Having built up a fairly clear picture during the winter of which pairs were occupying which territories, including any new colour-ringed Stonechats arrivals, there were still some surprises as we moved into the start of the 2017 breeding season.
We’ve been lucky with another mostly mild winter this year and while the numbers of Stonechats on the reserve have fluctuated, there have been regular sightings throughout the autumn and winter periods on most of the territories. Our only spell of bad weather was in February, when there was a brief spell of around a fortnight where Dersingham Bog appeared virtually devoid of any Stonechats.
When birds started to return to the site during March, that’s when the main changes took place and the situation is still fluid as we move into April, with several new colour-ringed arrivals only this week.
Several territories which had been occupied during the winter by the same pair that bred successfully in 2016 now have completely new pairs, colour-ringed birds which hadn’t been reported elsewhere or on Dersingham Bog since they fledged last year.
Other territories have given a convincing rendition of musical chairs. Two females have moved to other territories on the reserve, ousting the existing pair or becoming the new partner to an existing territory holder. One female (from Ugly Dale) has taken over another territory, right at the other end of the Bog, far from where she nested last year. And the female from that territory (Tranquil Valley) can now be found just around the corner in her neighbouring territory (Piezos), which was previously held by our most prolific female. Confused yet?!
As mentioned in our most recent blog, 2 other territories which were empty throughout the winter are suddenly re-occupied, one being again held by the 2016 breeding pair. Where had they been through the winter? Had they wintered together somewhere or were now returning separately to the site?
Either way, it’s interesting that they returned to exactly the same territory. As that has been empty throughout the winter, maybe they didn’t have the territory battles when they arrived that might have occurring in other parts of the reserve?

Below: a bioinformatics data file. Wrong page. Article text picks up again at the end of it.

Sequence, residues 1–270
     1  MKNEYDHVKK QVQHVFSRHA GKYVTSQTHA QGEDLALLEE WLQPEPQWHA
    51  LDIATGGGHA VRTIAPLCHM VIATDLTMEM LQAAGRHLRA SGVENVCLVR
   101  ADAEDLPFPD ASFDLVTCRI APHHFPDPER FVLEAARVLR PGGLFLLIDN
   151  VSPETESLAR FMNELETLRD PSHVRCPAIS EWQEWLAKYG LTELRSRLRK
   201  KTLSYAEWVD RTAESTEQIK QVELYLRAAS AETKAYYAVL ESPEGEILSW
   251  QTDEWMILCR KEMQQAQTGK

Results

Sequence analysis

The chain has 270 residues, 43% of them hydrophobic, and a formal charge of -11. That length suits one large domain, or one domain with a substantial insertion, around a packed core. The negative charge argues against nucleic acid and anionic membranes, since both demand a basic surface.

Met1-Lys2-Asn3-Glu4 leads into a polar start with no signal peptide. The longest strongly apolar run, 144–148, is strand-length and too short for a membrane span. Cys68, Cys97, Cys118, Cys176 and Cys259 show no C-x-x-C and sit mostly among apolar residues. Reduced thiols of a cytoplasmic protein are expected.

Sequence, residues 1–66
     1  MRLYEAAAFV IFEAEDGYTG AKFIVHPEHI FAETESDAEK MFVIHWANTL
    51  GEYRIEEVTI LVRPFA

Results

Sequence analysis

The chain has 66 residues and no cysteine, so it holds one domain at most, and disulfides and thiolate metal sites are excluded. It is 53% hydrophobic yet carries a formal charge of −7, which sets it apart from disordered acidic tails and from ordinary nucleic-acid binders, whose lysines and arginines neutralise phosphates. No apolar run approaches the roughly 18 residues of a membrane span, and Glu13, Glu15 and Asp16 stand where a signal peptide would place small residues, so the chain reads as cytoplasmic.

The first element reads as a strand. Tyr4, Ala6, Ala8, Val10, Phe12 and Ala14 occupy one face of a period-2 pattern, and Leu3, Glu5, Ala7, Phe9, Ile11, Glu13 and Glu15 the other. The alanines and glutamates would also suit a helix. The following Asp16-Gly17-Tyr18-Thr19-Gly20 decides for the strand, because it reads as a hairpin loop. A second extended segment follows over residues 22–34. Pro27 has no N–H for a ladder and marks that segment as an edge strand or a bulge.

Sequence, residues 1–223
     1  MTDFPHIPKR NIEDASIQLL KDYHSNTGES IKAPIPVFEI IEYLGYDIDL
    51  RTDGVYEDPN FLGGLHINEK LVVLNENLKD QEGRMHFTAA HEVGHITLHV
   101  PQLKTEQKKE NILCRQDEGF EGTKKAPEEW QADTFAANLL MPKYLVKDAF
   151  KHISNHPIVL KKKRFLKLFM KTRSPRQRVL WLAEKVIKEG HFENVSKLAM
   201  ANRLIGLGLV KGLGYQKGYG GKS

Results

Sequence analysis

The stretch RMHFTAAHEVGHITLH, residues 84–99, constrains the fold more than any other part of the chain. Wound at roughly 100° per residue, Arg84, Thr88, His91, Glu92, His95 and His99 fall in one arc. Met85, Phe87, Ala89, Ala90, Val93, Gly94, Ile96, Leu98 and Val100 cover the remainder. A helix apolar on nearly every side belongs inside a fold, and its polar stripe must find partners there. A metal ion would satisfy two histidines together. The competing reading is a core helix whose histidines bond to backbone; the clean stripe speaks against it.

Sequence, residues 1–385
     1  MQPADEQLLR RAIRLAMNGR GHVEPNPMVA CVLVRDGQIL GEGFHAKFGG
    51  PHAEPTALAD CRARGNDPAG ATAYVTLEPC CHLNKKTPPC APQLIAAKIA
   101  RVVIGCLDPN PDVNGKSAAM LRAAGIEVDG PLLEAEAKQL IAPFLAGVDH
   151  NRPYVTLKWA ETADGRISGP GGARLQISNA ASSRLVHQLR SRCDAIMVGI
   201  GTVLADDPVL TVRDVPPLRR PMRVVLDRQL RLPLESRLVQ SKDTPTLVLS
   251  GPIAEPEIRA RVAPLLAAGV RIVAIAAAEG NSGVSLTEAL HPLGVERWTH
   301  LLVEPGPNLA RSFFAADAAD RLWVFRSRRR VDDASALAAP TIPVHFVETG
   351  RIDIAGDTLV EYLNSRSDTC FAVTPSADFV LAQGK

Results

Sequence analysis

Interestingly, a new colour-ringed pair which occupied a new territory on Phil’s Heath through the winter have remained into this breeding season, and on the same spot so far. Another of the new territories established during the winter, which had a new 2016 colour-ringed male present, now has another new, previously unreported colour-ringed male, also from last year’s crop.
As we’ve said many times before, without colour-ringing, we wouldn’t have noticed these changes at all. So far, all 3 new territories established through the winter are still occupied, though not necessarily with the same ringed pair that set them up in the first place.
Our oldest male has remained on his territory all winter and is now preparing for a new breeding season with a new female, also from the 2016 crop. He has a particularly large territory, spanning an area up on plateau and extending down onto the mire, although corners are being nibbled away by new pairs. Last year, the northern boundary of his territory on the mire was occupied by a successful pair (the male of which has just returned to the same territory again after being absent all winter).
The other large corner of our oldest male’s territory now has at least one, possibly two pairs, carving out a chunk of ground for themselves. One pair established a territory on the periphery during the winter and seem to be still there, and another is a new colour-ringed male.
Unfortunately, our oldest female may have disappeared, as there is a new female from the neighbouring territory now occupying her territory, and with a new ringed male. If she isn’t re-found, it’ll be a sad loss but she has contributed significantly to subsequent generations since she started breeding in 2014. Her progeny have been scattered through the reserve over the last few years forming new successful pairs and establishing new territories.
One of the most interesting aspects of this shuffling of the pack has been how late it occurred. We hadn’t exactly become complacent by the end of the winter but we were confident we had a handle on who was where as we entered the new breeding season. So in the space of a few weeks, after our only spell of bad weather cleared the site, finding that many of the territories had changed was a bit of a surprise for the volunteers as yet another new colour-ringed Stonechat popped up somewhere new!
Is this typical? A late winter shuffle around occupying pairs? Or was it governed by the weather and the empty site, allowing early new arrivals to take over empty territories? So if we’d had the bad weather earlier in the winter, would the shake-up also have occurred earlier, but with another potential late winter / early spring change as birds wintering offsite returned to the Bog? As always, lots of fascinating and unanswerable questions keep arising with these charismatic birds.
It remains to be seen how many more new territories can be squeezed onto the reserve, or if the current state of play remains the same, or whether further changes will happen before they begin nesting. We’ve already had nest building taking place and given how synched many of our Stonechat pairs have been over the past few years, it won’t be long before most of our females are incubating their first broods, weather permitting.